## The concept of the transmission unit

The concept of the ideal separation stage lends itself to the design of bottom columns, while packed columns can be calculated with the concept of the transfer unit. This is based on the mass transport equation of film theory.

The concept of the transfer unit assumes that in a differential element a molar current is transferred from the gas phase to the liquid phase without the currents changing $\stackrel{.}{V}$ and $\stackrel{.}{\mathrm{L.}}$ change.

This molar current should be identical to that calculated using film theory and can be derived from it.

- Height of the packed column
- The height of a packed column is calculated using the gas phase as:
- Or using the liquid phase:
- Explanation of symbols for the equation
- Derivation of the equation

- $$H=\underset{0}{\overset{H}{\int}}dH=\frac{\dot{V}}{{\beta}_{G}\text{}a\text{}\mathrm{A.}}\text{}\underset{{y}_{\mathrm{A.}\mathrm{B.}}}{\overset{{y}_{\mathrm{A.}T}}{\int}}\frac{d{y}_{\mathrm{A.}}}{{y}_{\mathrm{A.}i}-{y}_{\mathrm{A.}}}$$

- $$H=\underset{0}{\overset{H}{\int}}dH=\frac{\dot{\mathrm{L.}}}{{\beta}_{\mathrm{L.}}\text{}a\text{}\mathrm{A.}}\text{}\underset{{x}_{\mathrm{A.}T}}{\overset{{x}_{\mathrm{A.}\mathrm{B.}}}{\int}}\frac{d{x}_{\mathrm{A.}}}{{x}_{\mathrm{A.}i}-{x}_{\mathrm{A.}}}$$

Just as the number of theoretical separation stages plays a role in the concept of the ideal separation stage, the number of transmission units (NTU) and the height of a transmission unit (HTU) are taken into account in the concept of the transmission units, whereby a distinction is made between gas and liquid phases.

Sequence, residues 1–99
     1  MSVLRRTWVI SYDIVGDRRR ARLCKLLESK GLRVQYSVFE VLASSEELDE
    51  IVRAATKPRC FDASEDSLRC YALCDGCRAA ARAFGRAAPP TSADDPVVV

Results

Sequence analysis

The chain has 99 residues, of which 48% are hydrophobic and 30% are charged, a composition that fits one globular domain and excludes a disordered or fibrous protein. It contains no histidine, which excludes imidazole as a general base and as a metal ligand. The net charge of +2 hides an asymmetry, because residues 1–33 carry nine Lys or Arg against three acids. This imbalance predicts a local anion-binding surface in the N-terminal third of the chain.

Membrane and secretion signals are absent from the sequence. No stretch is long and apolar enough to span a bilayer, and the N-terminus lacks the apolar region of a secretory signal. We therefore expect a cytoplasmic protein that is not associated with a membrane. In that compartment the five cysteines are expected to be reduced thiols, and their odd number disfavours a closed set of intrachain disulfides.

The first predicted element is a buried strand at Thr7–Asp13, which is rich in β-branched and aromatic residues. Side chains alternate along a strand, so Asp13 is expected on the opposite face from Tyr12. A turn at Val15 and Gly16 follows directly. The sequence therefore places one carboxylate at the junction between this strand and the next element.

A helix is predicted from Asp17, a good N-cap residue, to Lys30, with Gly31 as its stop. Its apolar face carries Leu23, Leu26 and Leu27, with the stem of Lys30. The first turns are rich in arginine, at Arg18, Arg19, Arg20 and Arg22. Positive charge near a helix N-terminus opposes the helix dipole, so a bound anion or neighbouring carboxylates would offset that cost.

The amount of a transfer unit decreases when

- the volume flow is reduced,
- the mass transfer coefficient is increased,
- the specific phase interface is increased.

Since the determination of the concentrations at the phase boundary makes it difficult to calculate the packing height, the alternative option chosen is to place the total resistance in one phase. Then you know all the required sizes or can calculate them. One uses the current concentration in one phase and a hypothetical equilibrium concentration at the phase interface which results when there is no mass transport resistance in the other phase.

This results in:

- $${\dot{n}}_{\mathrm{A.}}={\beta}_{O\mathrm{L.}}\text{}a\text{}\left({x}_{\mathrm{A.}}^{*}-{x}_{\mathrm{A.}}\right)\text{}\mathrm{A.}\text{}dH={\beta}_{OG}\text{}a\text{}\left({y}_{\mathrm{A.}}-{y}_{\mathrm{A.}}^{*}\right)\text{}\mathrm{A.}\text{}dH=\dot{V}\text{}d{y}_{\mathrm{A.}}=\dot{\mathrm{L.}}\text{}d{x}_{\mathrm{A.}}$$

Since the concentration gradient is precisely known here, the total mass transfer coefficient (overall coefficient) can be calculated from this.

- $$\frac{1}{{\beta}_{OG}}=\frac{1}{{\beta}_{G}}+\frac{m}{{\beta}_{\mathrm{L.}}}\text{}\text{}\text{}\frac{1}{{\beta}_{O\mathrm{L.}}}=\frac{1}{{\beta}_{\mathrm{L.}}}+\frac{1}{m\text{}{\beta}_{G}}$$

The phase equilibrium has an influence on the mass transport resistance. With very small values of m, the resistance of the liquid phase can be neglected; with very large values, the mass transfer is controlled by the resistance of the liquid phase.

Here, too, the height of the random packing can be estimated

- $$H=\underset{0}{\overset{H}{\int}}dH=\frac{\dot{V}}{{\beta}_{OG}\text{}a\text{}\mathrm{A.}}\text{}\underset{{y}_{\mathrm{A.}\mathrm{B.}}}{\overset{{y}_{\mathrm{A.}T}}{\int}}\frac{d{y}_{\mathrm{A.}}}{{y}_{\mathrm{A.}}^{*}-{y}_{\mathrm{A.}}}$$

or using the liquid phase

- $$H=\underset{0}{\overset{H}{\int}}dH=\frac{\dot{\mathrm{L.}}}{{\beta}_{O\mathrm{L.}}\text{}a\text{}\mathrm{A.}}\text{}\underset{{x}_{\mathrm{A.}T}}{\overset{{x}_{\mathrm{A.}\mathrm{B.}}}{\int}}\frac{d{x}_{\mathrm{A.}}}{{x}_{\mathrm{A.}}^{*}-{x}_{\mathrm{A.}}}$$

The number of transmission units required can be determined by numerical or graphic integration.

A problem with the concept of the transfer units is the estimation of the mass transfer coefficients and the specific phase interface. Both values are strongly influenced by the operating conditions. To facilitate the design of the packing column, the packing manufacturers therefore supply HETP values as a function of the various influencing variables. HETP values indicate the bed height that would be equivalent to an equilibrium level. The total height of a packed column is calculated with:

- $$H={N}_{\mathrm{th}}\cdot \mathrm{HETP}$$